It was another windy, cold winter day. I looked out the window and saw the small and hopeful blossoms of witch hazel scattered along the branches of a slender bush. One branch lay cracked off by the December ice storms. But those tough little flowers bloomed in spite of that on the living plant that remained. (The picture here is of a brighter, fresher bloom last year. This year’s blossoms have been zapped by ice and cold and look darker. Each bloom is less than 3/4 inch.)
Near where I live, there is a rock shelter that was home to people about 1,200 years ago. I imagine they lived like the witch hazel, bitten hard by the winter cold. Quite a difference from the cocooning comforts of today. Who would even guess a plant could bloom in a Missouri winter? And then you wonder how much other life goes on out there that you’re missing. I know some people (hunters, trappers, naturalists) may pay more attention to what’s going on in the winter wilds because that’s their interest. But for most people we seem to live in increasingly parallel universes—the life of people indoors and the life of the other animals and plants.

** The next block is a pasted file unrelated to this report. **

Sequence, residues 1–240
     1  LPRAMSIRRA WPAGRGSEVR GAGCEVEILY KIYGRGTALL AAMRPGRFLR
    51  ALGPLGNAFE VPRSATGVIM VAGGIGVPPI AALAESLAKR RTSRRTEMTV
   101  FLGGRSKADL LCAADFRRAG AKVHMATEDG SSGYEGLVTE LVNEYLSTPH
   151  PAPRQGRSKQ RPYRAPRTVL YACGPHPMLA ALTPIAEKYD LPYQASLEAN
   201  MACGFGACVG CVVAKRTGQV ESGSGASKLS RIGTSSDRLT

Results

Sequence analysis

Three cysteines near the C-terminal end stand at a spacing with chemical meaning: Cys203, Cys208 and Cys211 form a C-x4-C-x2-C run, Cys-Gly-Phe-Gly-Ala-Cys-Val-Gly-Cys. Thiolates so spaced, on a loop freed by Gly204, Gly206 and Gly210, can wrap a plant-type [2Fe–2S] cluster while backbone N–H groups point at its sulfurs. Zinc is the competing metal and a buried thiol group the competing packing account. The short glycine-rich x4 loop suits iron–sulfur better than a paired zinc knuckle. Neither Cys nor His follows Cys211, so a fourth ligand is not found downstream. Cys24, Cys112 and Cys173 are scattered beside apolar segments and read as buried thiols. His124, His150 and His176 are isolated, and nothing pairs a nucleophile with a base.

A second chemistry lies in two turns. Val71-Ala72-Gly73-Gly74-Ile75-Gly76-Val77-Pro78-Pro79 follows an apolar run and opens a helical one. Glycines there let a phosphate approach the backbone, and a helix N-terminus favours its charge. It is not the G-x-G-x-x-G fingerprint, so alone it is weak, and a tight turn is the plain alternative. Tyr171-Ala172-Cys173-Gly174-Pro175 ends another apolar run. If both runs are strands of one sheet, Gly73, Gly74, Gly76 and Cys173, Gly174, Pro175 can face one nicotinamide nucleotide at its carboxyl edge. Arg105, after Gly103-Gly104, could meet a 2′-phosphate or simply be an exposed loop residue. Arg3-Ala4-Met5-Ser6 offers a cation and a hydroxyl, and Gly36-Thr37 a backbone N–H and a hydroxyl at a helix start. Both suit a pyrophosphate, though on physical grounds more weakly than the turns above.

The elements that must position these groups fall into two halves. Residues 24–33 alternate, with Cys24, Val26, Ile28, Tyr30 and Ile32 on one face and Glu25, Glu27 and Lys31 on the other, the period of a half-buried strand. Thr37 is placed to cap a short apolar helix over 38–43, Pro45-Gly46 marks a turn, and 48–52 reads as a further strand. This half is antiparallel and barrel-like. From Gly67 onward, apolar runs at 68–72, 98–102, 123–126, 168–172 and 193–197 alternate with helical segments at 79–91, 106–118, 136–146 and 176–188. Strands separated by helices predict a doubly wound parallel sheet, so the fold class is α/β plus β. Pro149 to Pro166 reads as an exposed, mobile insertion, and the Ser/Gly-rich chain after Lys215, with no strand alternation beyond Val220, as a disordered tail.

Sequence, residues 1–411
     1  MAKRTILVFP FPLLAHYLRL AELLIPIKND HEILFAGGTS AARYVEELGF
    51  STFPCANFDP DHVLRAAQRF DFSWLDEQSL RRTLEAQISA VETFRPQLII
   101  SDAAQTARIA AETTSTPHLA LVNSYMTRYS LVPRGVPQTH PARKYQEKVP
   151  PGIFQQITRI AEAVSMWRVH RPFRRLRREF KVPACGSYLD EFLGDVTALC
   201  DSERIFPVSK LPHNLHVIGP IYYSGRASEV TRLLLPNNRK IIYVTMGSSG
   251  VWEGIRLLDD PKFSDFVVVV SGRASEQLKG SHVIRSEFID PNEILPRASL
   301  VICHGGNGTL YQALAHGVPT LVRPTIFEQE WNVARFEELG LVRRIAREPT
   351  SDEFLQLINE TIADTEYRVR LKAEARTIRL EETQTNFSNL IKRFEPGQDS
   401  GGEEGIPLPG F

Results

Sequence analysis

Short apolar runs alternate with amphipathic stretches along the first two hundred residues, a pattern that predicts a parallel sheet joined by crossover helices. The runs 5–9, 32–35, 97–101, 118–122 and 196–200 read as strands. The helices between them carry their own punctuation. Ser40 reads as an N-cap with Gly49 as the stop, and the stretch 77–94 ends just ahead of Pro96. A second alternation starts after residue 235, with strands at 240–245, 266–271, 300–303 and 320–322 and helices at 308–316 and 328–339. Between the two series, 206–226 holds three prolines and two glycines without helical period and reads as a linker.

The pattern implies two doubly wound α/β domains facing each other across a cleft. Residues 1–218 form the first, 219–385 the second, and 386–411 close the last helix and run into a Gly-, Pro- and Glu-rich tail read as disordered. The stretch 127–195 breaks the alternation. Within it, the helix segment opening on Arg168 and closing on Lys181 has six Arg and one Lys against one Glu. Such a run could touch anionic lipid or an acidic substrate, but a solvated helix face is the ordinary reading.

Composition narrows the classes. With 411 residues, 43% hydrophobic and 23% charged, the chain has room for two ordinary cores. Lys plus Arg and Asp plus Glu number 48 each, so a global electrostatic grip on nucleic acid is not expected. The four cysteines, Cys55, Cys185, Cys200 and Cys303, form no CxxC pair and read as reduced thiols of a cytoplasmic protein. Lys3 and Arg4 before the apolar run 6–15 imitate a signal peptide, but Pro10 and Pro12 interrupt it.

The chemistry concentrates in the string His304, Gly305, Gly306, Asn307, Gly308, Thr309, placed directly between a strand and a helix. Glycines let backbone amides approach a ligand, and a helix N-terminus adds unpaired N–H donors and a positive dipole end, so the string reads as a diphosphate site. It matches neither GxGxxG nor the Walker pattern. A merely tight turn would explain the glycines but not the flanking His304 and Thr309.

Which takes me back to the witch hazel. What else is alive and well in the woods today? It calls me out to explore.